It means embracing the rich, diverse, beautiful, colorful heritage of Hispanics, bearing witness to the challenges Hispanics and Latinos face, and embracing and taking action to create a better future.

What are your hopes for education in the future?

That we intentionally design education so that it supports all students to live a life of their fullest potential.

 

Verenice Gutierrez 

Dr. Verenice Gutierrez is an educator, leader, and international bestselling author. She has 18 years of educational leadership experience as well as extensive experience in bilingual/ESL programming. She can be found on LinkedIn, @bilmasteac on Twitter, and online at www.drverenicegutierrez.com

 

Tell me a bit about your background. Where are you from?

I was born and raised in West Texas, El Paso. I was raised bilingually, bi-culturally, and bi-nationally along the U.S./Mexico border. I am the daughter of Mexican immigrants, granddaughter, and great-granddaughter of Mexican nationals, and great-great-granddaughter of Afghani and Lebanese immigrants to Mexico.

When and why did you choose education as your field? 

I chose education after attempting the corporate business world. My B.A. is in Business Administration, but business didn’t move me. I had substituted for a while and enjoyed working with students. When my younger sisters started school and I saw their needs weren’t being fully met, I fully dedicated myself to improving education.

Why do you think it’s important for education consultants from Hispanic and Latino backgrounds to bring their experiences into the work?

As Justice Sotomayor has said, I would hope that a wise Latina woman with the richness of her experiences would, more often than not, reach a better conclusion. The Latino community is not homogenous, we vary in experience and belief systems. We can bring a wealth of perspective to the work. I can speak to immigration, first-generation experience, being an ELL, and the challenges for Latinas in leadership. I bring a lens that isn’t often present in decision-making bodies that will highlight the needs of marginalized and historically under-resourced communities.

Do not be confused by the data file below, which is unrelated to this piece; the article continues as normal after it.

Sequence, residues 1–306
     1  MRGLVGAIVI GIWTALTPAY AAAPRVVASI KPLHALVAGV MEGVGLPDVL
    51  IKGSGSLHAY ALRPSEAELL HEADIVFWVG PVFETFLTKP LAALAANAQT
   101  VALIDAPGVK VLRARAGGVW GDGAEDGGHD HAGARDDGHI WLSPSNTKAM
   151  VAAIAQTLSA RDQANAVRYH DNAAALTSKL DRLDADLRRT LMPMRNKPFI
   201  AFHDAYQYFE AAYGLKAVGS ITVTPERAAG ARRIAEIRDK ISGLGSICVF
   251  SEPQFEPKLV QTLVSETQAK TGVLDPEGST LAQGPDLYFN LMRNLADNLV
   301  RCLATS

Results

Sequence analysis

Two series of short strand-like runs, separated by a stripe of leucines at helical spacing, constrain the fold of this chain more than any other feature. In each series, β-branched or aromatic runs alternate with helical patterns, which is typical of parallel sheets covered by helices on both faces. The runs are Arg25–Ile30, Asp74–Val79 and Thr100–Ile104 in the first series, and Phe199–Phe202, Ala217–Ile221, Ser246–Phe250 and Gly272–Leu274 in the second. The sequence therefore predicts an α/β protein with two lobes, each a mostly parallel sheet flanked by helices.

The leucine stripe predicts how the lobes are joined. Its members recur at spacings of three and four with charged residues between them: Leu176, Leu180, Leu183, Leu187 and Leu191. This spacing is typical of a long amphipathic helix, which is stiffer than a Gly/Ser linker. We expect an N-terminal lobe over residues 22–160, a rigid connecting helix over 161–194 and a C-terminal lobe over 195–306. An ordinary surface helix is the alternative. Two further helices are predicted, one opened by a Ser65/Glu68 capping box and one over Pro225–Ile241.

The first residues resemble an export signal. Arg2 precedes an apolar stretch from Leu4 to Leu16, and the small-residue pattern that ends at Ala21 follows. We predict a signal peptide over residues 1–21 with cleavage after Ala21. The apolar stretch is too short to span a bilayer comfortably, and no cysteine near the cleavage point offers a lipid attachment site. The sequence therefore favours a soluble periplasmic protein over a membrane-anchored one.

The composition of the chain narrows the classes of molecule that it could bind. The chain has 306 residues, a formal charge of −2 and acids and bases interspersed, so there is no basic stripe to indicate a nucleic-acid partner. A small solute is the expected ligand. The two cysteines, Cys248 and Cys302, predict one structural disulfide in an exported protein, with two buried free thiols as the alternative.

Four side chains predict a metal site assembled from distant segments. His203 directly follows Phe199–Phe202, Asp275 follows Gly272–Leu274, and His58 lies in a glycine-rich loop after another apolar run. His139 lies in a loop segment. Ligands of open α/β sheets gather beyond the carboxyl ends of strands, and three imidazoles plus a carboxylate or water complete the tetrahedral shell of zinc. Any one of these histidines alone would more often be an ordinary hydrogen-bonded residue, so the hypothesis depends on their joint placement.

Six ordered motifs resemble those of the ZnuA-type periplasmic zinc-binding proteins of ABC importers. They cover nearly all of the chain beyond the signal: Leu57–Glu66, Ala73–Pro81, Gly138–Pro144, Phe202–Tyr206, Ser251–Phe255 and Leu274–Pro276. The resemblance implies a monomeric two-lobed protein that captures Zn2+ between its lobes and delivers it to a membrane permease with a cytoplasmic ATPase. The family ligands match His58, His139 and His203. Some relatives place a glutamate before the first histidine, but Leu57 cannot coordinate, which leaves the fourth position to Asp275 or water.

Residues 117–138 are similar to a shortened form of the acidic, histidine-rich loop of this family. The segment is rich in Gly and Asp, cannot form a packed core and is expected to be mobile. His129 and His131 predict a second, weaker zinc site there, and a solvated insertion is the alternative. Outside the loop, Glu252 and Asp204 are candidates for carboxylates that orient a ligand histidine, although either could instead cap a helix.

How does your identity inspire and inform your work?

My identity has evolved because of the work. The more that I learn, the more that I evolve. It has been cyclical so it’s a chicken and the egg situation. I was drawn to this work because of my lived experiences but the work helped me adapt my perspective and so on.

Why do you approach centering equity in your work?

I want to interrupt the predictability of disproportionality for historically underserved and under-resourced communities. Education must stop utilizing deficit thinking that continues to oppress historically marginalized groups. Subtractive schooling practices curtail the potential of BIPOC students.

This year’s focus for Hispanic Heritage Month is Esperanza: A Celebration of Hispanic Heritage and Hope – what does that mean to you?

I think that Latinx people are hopeful people. I have been able to reach my goals because of the hopes of my ancestors. They had dreams of better circumstances for the next generation without really knowing how that would come and/or what barriers may be encountered. Yet they hoped those dreams would become a reality.

What are your hopes for education in the future?

That it goes through a complete transformation. I would like for us to move away from the current model and innovate. We need to stop being so constrained or we will continue to get the same results we have always gotten.